Film art director fundraises for hospital which treated his brain tumour
- Credit: Marie Mangan
A Stoke Newington art director is taking part in a fundraising appeal for the hospital where he had surgery to remove a grapefruit-sized brain tumour.
Oliver Roberts, who has worked on blockbuster films including the Harry Potter and Star Wars franchises, is among 500 artists taking part in The National Brain Appeal's annual A Letter in Mind exhibition.
All have donated artworks on an envelope for an anonymous online sale.
The 49-year-old has also illustrated an advent calendar for the charity, which raises funds for the National Hospital for Neurology and Neurosurgery where he is a patient.
He said: “Being able to use my creativity is the perfect way to show my gratitude to the hospital and the amazing staff who have helped me so much. I love that the artworks are anonymous so when you are choosing what to buy you are responding to the image and not whether the artist is famous.”
Oliver’s life took a dramatic turn at the start of 2019 when he began having occasional headaches and vomiting. While working in a quarry for the film 1917, he struggled to put on his wellington boots and waterproofs. He said: “I had to be up and out by 6am, but there were days where I couldn’t get in the shower.”
Then on a family holiday his symptoms worsened and wife Eliya took him to the nearest hospital in Carcassonne, where they carried out CT and MRI scans and discovered a massive tumour. Unable to fly due to the cabin pressure, he was taken back to Hackney in a private ambulance. After being assessed in A&E, he was transferred to The National Hospital for Neurology and Neurosurgery where within days he underwent a two-part 11 hour operation to remove a tumour the size of a grapefruit.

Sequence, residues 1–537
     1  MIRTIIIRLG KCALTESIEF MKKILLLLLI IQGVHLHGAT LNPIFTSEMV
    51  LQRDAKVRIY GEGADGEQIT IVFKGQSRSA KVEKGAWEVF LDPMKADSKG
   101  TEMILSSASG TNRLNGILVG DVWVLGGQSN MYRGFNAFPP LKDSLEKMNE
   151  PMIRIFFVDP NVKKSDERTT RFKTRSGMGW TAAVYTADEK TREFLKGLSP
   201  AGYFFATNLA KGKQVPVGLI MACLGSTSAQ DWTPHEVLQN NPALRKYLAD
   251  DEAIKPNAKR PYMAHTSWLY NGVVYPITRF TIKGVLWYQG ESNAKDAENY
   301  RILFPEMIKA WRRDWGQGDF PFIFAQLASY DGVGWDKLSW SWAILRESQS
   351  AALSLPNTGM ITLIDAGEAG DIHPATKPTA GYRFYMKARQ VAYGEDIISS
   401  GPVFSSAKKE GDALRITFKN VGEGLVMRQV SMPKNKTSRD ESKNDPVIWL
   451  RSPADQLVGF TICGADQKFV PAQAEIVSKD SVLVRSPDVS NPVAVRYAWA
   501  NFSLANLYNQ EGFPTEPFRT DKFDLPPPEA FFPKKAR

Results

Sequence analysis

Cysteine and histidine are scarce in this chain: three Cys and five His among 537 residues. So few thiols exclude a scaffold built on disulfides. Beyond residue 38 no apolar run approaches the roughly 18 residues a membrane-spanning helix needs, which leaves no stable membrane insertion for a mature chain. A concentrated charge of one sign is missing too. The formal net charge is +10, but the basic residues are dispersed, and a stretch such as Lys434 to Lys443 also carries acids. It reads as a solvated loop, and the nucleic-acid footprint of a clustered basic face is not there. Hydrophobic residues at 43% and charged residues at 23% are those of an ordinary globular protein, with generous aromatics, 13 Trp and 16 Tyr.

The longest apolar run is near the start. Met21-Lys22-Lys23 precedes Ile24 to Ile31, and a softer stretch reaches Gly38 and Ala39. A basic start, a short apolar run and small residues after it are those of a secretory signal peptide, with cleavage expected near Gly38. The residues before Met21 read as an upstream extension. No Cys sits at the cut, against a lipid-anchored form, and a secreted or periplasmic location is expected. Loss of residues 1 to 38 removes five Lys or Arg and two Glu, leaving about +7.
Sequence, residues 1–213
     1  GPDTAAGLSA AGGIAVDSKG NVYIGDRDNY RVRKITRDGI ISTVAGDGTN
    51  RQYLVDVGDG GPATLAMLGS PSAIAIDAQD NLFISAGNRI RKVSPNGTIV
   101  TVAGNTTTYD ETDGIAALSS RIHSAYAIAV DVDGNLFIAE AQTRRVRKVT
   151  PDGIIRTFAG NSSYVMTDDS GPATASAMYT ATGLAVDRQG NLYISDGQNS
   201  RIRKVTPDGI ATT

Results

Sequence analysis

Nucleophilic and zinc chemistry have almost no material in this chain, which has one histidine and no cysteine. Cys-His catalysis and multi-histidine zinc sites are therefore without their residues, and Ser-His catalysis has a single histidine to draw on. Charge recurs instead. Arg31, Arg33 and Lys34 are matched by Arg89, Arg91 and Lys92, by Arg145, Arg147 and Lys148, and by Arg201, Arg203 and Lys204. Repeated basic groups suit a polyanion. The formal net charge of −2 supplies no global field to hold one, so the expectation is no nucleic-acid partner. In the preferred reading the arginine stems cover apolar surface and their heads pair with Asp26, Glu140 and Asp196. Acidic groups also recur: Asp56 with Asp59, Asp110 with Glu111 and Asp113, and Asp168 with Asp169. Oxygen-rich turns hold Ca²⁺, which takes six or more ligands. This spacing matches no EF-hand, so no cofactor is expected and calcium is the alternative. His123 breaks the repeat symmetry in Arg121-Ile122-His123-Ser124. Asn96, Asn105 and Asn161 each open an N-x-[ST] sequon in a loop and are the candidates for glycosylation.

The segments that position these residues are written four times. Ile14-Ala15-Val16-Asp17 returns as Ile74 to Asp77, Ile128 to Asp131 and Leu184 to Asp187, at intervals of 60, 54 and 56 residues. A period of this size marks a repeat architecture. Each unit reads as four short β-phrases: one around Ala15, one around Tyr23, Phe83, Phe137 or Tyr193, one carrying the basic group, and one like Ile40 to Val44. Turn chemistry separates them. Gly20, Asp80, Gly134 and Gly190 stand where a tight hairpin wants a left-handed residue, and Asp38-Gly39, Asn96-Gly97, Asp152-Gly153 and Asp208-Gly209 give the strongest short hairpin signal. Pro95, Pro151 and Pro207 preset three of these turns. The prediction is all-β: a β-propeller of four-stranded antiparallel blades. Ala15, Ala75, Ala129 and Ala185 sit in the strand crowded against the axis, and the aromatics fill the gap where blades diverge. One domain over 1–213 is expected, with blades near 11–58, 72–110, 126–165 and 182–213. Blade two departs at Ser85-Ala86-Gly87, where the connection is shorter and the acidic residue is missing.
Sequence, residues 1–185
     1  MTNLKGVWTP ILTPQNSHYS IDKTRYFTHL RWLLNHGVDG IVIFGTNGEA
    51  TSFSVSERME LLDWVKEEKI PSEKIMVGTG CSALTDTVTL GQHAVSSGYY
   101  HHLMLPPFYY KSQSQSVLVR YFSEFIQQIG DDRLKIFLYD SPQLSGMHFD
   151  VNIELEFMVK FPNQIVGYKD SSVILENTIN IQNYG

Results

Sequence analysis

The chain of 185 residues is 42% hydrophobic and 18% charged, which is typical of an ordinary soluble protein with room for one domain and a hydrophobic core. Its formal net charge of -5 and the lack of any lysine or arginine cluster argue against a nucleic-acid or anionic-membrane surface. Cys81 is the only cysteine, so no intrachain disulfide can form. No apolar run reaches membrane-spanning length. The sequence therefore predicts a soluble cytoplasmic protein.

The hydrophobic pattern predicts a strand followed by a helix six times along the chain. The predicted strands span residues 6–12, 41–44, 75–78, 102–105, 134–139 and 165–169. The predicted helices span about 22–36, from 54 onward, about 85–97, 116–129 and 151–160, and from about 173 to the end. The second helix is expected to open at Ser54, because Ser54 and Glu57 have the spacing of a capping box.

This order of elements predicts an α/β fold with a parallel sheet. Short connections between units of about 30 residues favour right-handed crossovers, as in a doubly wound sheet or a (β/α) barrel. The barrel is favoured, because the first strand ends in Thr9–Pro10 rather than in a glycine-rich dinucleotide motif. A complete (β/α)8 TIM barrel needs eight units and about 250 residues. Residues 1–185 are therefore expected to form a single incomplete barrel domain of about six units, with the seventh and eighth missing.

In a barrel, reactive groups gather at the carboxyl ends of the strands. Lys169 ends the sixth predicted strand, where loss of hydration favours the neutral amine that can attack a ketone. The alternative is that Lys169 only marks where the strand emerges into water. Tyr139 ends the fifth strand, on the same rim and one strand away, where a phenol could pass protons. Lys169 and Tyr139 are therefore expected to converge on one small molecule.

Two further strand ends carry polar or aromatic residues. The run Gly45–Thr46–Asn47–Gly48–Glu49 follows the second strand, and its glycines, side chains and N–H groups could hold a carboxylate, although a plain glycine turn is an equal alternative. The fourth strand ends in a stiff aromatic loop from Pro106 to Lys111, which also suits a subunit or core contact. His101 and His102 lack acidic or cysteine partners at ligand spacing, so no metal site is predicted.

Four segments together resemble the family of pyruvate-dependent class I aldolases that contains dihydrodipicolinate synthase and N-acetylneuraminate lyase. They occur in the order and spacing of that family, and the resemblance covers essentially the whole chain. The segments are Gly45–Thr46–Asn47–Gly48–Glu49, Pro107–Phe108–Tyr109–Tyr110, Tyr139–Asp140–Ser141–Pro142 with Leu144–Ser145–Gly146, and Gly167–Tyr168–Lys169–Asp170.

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He then spent time on the high dependency unit before moving to The Molly Lane Fox Unit, a specialist brain tumour ward funded by The National Brain Appeal.
Oliver said: “I had a real empathy with the other people on the Unit. I remember a man in the next bed encouraging me to be strong when I was having a difficult time.”
In December that year, Oliver had a violent seizure and an MRI scan showed his tumour had returned almost as big as before. He had further surgery in 2020, followed by radiotherapy and then gamma knife treatment in July 2021. He continues to be monitored by the team at the hospital.
Oliver inherited his artistic talent from his father, John, who died following a brain haemorrhage in 2005 aged 61.
“Dad was a talented draughtsman who drew by hand on a daily basis for more than a decade. He steered me away from being a fine artist saying I would struggle to make a living, but he could doodle something quite wonderful on the back of an envelope without even thinking. That’s why I love the idea of The National Brain Appeal’s art on envelopes exhibition.”
Oliver's brother Tom is also raising £5000 for the appeal by running the 1240 kilometre that the ambulance took to repatriate him over a series of organised and personal challenge events.
A Letter in Mind - Making Your Mark previews from November 2 with sales opening at 11am on November 4.
To buy Oliver’s £10 advent calendar go to: nationalbrainappeal.org/product/advent-calendar